Code, Run, Break, Repeat.

Upon reading the first line of “Breakable Toys”, I knew I was in for a pattern that I could connect to. Often, my behavior can be related to a “bull in a china shop”; while not outwardly malicious, my clumsy nature with unfamiliar material can often lead to mishaps and damages.

This is where the breakable toys come into play. According to “Apprenticeship Patterns”, journey-programmers can benefit from making similar programs to the ones that they work with in their profession. These “dummy programs” can then be played with to one’s content, allowing for all sorts of experimentation without worries of destroying the actual project.

To me, I found it useful that the pattern recommends “creating a familiar game like tic-tac-toe in many different languages”. It reminds me of my earlier projects where, as stated in a previous blog, I would practice new languages with familiar tactics. I find it to be a valuable way of connecting “Breakable Toys” to other patterns (such as “Your First Language”).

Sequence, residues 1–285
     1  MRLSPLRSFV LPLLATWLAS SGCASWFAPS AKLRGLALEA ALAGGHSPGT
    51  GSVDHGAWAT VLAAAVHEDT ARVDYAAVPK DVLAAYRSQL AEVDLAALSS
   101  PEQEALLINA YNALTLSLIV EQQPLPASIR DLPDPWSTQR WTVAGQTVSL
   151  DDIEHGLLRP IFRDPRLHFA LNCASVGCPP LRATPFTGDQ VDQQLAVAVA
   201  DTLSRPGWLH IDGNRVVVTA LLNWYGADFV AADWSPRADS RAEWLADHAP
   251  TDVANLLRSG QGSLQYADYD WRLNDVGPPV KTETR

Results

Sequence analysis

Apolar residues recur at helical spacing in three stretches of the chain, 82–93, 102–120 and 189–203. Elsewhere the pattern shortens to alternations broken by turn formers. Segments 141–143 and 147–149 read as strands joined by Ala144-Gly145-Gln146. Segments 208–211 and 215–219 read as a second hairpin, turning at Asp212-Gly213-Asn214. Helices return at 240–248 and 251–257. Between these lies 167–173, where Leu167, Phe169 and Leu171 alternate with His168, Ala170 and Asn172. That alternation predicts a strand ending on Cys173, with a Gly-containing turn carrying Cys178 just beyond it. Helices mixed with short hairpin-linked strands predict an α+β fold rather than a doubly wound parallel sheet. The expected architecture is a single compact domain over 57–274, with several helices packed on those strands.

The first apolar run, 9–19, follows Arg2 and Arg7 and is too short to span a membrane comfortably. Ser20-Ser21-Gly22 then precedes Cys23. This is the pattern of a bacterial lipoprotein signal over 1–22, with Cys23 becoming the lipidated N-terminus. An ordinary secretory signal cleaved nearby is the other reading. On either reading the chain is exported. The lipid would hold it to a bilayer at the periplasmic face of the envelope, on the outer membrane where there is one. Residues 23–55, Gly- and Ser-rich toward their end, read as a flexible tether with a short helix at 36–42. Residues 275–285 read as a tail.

Most importantly, I believe that “Breakable Toys” is one of the most instrumental patterns to my professional future. Science is not a field involving constant “correct-ness”; science instead does quite the opposite, and computer science is a subset of the broad field. With breakable toys, we are constantly trying to find wrong answers, to push boundaries and discover what can and cannot be done with languages, data structures, APIs and the like.

Perhaps I need to read the section again to fully understand it, but I am at a bit of a loss for the example action being “to create a wiki”. As stated above, I think that better examples for breakable toys would involve familiar projects/programs in new languages, or using different algorithms/data structures. The wiki can be a good start as a “portfolio” to hold all these projects, but on its own I don’t feel as though a wiki is allowing much time out of the comfort zone.

Personally, I feel as though “breakable toys” is an easy concept to understand, but is also a bit more difficult to apply in practice. As I question the pattern’s “classic examples” (like the Wiki), I push forward as the pattern implies as its intention. However, as I leave this comfort zone, I wonder if I stray too far, over my head of expertise (even for a “failure-safe” experience)…

Published by Mike Morley (mpekim)

Current student at WSU. Knowledgeable of C/C++, Java and Python. Always interested in learning the basics of as many languages as possible.

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